IU Is Everywhere

From Bloomington to Bangkok, meet members of the IU family who are acting as ambassadors for the university.

Debra Litzelman, Kenya

IU School of Medicine's Debra Litzelman has been working with patients in Kenya as a part of IU's AMPATH program for nearly two decades and is using her experiences to improve health care in Indiana.

Dr. Debra Litzelman's work with the Indiana University Center for Global Health and the university's celebrated AMPATH program in Kenya -- focused on improving the health and well-being of the medically underserved across the globe -- has taken her from Africa to Indiana and back again.

And in both places, she practices the concept of "reciprocal innovation," a term of art she's adopted to illustrate the idea that researchers and providers can learn from each other no matter the geographical location or cultural community.

"Through the real, bi-directional nature of what we can do together as a world community of investigators and providers, what we learn in one environment can be taken to another and thoughtfully shared, adapted and molded into something that can potentially be helpful in moving whatever issue forward," she said.

Debra Litzelman with a mother and child in KenyaView print quality image
IU School of Medicine faculty member Debra Litzelman poses with a mother and child in Kenya. Photo courtesy of the IU School of Medicine

"I've learned a tremendous amount from my Kenyan colleagues, and work that's been done in one of the most resource-poor areas of the world has been brought back to Indiana," she said. "And work we've done here in Indiana, I take back with me to Kenya. There's this true reciprocity and exchange that I think is so exciting, and it makes all of us better for having worked together."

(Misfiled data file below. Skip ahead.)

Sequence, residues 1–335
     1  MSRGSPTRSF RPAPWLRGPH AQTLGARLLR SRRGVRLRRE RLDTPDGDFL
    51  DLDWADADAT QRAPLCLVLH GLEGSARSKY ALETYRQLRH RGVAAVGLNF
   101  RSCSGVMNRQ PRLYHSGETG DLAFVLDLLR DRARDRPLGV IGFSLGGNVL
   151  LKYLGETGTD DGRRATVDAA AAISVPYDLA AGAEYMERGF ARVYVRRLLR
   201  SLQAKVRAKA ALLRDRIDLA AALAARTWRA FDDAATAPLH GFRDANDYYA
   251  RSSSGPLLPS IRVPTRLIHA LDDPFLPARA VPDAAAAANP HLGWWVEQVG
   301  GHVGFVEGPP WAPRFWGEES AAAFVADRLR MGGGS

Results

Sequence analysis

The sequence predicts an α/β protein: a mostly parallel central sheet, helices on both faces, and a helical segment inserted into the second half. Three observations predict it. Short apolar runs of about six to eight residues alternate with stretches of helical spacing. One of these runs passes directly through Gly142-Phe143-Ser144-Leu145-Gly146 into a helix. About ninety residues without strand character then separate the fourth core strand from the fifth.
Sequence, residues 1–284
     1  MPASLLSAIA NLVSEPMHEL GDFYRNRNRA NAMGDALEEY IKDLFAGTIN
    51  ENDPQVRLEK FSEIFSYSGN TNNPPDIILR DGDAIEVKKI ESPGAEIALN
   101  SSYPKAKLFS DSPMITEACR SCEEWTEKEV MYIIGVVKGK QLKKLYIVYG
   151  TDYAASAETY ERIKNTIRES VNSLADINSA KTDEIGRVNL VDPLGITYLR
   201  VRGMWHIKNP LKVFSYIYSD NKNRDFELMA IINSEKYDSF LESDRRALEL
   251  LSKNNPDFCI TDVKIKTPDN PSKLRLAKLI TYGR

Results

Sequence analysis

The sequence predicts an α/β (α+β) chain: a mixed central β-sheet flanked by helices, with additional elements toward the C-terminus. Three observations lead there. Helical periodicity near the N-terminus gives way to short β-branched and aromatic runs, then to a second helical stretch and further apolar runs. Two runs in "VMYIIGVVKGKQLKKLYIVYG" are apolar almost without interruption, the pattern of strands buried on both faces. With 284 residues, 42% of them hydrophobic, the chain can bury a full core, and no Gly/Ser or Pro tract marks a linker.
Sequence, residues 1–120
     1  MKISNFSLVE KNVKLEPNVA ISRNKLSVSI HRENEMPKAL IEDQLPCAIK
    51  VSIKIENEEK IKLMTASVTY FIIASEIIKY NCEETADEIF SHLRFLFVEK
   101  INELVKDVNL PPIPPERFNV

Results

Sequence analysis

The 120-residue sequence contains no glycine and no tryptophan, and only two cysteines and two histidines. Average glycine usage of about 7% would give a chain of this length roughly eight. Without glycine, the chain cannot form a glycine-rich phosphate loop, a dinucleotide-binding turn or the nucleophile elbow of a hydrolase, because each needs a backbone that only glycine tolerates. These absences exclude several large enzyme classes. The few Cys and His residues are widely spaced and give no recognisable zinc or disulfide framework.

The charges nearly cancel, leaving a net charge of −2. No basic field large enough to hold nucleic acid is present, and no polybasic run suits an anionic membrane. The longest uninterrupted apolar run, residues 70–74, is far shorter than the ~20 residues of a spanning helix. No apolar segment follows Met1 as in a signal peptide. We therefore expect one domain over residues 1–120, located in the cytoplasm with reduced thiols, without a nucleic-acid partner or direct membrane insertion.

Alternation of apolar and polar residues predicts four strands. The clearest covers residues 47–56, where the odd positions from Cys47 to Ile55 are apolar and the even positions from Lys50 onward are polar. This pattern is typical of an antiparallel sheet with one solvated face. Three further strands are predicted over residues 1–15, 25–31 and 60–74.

Litzelman, the D. Craig Brater Professor of Global Health Education at the IU School of Medicine, has pulled the thread of reciprocal innovation through a federally funded project to create an innovative screening, hiring and training process for people working with older patients with cognitive and mood disorders. She's pulled it through her work in Kenya, where she helped train community health workers.

And she's continuing to pull it through her most recent work leading WeCare Indiana, a grant-funded project aimed at training community health workers to connect new mothers and mothers-to-be with local health resources aimed at reducing infant mortality risk factors. Close to 1,300 patients are enrolled in that program now.

Through that work, Litzelman said, she and her fellow investigators have discovered that about 15 percent of the women participating are screening positive for substance abuse, including for opioids, methamphetamine and alcohol.

When we go into a community as academic researchers, it's not about us figuring out what the community needs; the community will tell you.

Debra Litzelman

That prompted her application as one of the 16 pilot projects that represent the first phase of IU's Responding to the Addictions Crisis Grand Challenges initiative, part of the university's $50 million commitment to prevent, reduce and treat addictions in Indiana. That project, "A Community-Based Addiction Reduction Plus Policy Innovations Program for Indiana," is intended to support the WeCare Indiana program to enable opiate-addicted mothers and fathers to engage in substance abuse and mental health treatment through the workforce development of community health workers.

But in each place she works, Litzelman said, it's important to remember that it's about working together to tackle pressing health issues.

"It's tied into reciprocity and mutual respect and taking a deep dive into what it means to be research literate, not just in one direction but bi-directionally," she said. "When we go into a community as academic researchers, it's not about us figuring out what the community needs; the community will tell you. And we can't do our work without each other, working meaningfully in open-mindedness and respect."

WeCare Indiana is also supported by the Indiana State Department of Health, the Indiana Clinical and Translational Sciences Institute, IU Health and the Regenstrief Institute.